Professor Chiao“I'm convinced that RFID can achieve breakthroughs in the diagnosis and treatment of many medical conditions”

- electrical engineering Associate Professor J.C. Chiao

Chiao also wants to make the devices even thinner, although at half a centimeter they’re small enough now to not be felt by patients.

The RFID devices have cleared one significant hurdle: They’re location independent.

“The signal quality remains the same no matter what the patient is doing,” Chiao said. “When we move and digest, our muscles move. Our bodies are mostly water, which interferes with electromagnetic waves. A lot of factors that will disturb radio frequency signals need to be considered. But we’ve adapted to FM frequency modulation to the extent that such factors don’t influence our sensor reading devices.”

Chiao gives much credit to his “brilliant” Ph.D. student, Thermpon Ativanichayaphong, and collaboration with Fred Tibbals, director of the Bioinstrumentation Resources Center at UT Southwestern, and Tang. The four have become good friends and often meet for lunch, which produces some highly technical conversations that one day may profoundly influence the research.

Chiao, inherently conservative, believes that human tests of the devices are still a year out. Physician Tang sees human trials only a few months away.

Five medical technology companies have already expressed interest in funding commercial applications. The story has been covered by NBC News, Forbes, MSN, Canada Press and other outlets.

Chiao believes the results will be an eye opener.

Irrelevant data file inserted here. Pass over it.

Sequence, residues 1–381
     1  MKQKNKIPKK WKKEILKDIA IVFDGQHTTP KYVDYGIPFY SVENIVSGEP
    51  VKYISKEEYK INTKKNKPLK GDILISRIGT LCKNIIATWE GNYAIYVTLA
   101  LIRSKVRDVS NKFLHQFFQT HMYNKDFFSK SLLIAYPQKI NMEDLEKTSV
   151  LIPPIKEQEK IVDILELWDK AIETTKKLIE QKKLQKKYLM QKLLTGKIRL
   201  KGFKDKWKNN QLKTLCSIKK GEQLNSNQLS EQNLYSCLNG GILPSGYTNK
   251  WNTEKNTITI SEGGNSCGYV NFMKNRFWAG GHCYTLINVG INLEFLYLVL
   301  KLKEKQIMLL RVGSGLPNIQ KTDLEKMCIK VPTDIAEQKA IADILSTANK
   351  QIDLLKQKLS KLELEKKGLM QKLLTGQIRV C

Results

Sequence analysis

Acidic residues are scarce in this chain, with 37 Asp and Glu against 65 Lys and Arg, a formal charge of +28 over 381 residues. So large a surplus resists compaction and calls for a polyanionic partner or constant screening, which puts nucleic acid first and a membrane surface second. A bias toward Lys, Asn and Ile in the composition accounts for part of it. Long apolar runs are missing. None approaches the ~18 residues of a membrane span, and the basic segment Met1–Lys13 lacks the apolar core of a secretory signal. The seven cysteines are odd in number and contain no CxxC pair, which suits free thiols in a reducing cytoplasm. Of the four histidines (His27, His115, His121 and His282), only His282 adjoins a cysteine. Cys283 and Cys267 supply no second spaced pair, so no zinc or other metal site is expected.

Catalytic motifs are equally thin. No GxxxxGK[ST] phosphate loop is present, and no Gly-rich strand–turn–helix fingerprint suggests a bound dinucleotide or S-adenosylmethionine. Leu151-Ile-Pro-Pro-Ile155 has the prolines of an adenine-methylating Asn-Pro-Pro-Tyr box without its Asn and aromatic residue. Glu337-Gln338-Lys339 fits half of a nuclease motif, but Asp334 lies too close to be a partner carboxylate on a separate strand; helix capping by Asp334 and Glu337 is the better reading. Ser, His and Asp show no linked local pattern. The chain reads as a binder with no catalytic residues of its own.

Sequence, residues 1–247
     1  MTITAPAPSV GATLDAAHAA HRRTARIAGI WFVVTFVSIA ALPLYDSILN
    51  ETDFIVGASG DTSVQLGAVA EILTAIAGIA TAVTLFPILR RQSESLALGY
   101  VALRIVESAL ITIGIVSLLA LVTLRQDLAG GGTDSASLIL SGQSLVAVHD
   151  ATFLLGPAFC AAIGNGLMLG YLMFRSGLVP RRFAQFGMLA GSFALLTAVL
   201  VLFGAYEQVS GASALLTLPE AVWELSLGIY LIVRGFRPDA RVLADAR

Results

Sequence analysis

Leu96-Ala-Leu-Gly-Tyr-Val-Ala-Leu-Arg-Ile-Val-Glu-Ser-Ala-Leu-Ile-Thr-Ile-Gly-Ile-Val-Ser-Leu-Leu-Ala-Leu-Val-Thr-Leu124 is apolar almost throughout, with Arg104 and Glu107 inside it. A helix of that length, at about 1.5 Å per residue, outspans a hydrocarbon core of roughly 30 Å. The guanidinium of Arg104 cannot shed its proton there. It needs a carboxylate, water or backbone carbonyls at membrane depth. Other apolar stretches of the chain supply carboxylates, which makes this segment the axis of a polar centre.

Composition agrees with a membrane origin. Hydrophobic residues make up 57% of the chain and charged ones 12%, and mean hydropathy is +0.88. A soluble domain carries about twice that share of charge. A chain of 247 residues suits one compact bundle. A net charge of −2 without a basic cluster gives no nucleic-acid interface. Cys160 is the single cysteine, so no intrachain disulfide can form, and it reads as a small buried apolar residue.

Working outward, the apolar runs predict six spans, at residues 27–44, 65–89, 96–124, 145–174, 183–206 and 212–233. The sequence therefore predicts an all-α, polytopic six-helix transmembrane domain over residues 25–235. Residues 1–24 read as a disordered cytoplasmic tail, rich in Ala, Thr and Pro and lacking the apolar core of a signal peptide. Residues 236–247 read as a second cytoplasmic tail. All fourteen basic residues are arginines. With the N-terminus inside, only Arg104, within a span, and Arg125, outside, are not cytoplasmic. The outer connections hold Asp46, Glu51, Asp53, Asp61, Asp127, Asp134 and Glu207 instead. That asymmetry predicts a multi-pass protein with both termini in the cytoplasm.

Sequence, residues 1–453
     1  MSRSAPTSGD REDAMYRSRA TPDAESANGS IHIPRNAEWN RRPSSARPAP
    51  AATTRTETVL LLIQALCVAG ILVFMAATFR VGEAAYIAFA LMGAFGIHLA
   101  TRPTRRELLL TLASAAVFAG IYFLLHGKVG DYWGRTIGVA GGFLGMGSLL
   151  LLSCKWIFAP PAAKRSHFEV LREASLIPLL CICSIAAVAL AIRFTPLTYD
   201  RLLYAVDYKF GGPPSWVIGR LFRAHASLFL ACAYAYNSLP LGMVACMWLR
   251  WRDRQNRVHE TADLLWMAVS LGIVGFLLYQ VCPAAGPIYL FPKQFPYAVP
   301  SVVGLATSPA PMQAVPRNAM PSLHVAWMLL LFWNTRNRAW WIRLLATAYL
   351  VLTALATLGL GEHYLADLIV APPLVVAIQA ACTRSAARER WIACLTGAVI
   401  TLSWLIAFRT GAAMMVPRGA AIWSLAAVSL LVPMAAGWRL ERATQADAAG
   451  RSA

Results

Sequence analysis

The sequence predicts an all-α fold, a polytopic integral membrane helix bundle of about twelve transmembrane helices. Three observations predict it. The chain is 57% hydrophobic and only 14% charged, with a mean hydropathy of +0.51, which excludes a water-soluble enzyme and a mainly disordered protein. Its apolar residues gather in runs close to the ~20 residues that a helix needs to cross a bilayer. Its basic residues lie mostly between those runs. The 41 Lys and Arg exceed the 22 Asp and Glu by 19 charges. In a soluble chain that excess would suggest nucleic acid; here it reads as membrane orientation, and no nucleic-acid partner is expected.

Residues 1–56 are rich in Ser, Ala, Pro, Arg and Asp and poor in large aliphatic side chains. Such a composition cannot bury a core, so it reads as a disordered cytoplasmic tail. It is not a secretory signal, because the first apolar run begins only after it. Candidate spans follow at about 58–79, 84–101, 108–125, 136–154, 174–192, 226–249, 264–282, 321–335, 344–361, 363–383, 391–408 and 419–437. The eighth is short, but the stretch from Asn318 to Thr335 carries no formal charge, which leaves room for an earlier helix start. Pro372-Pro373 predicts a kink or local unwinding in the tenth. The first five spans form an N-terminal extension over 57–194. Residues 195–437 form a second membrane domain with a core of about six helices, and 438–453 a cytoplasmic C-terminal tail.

“At the moment, there’s still not enough research being done combining RFID and sensor technologies. This is new not only for us, but the whole world.”

The next step

Chiao wants to do more of that blending of RFID/sensor technologies for medical purposes, starting with blocking chronic pain signals at the spinal cord using RFID implants. Experiments in rats have blocked pain signals by as much as 85 percent.

He and psychology Associate Professor Yuan Bo Peng, who is also a medical doctor specializing in pain study and neuroactivities, have received a National Science Foundation grant to study pain inhibition by wireless neurostimulation.  

“The implications of RFIDs for this kind of use are enormous,” Chiao said. “They include treatment for diseases as varied as Parkinson’s tremor control, migraines, cancer and chemotherapy nerve damage pain, or any of hundreds of conditions involving chronic pain and the depression that often comes with it.”

Though the electrical engineer’s RFID research endeavors have been dominated by the military, he now sees a new venue and a new direction.

“What I love to do is medical research, to save people’s lives. It is my mission in life.”

His research on the detection and treatment of GERD for prevention of esophageal cancer provides substantial early evidence that he’s succeeding.

See Research passes media's acid test for more information on J.C. Chiao.

— O.K. Carter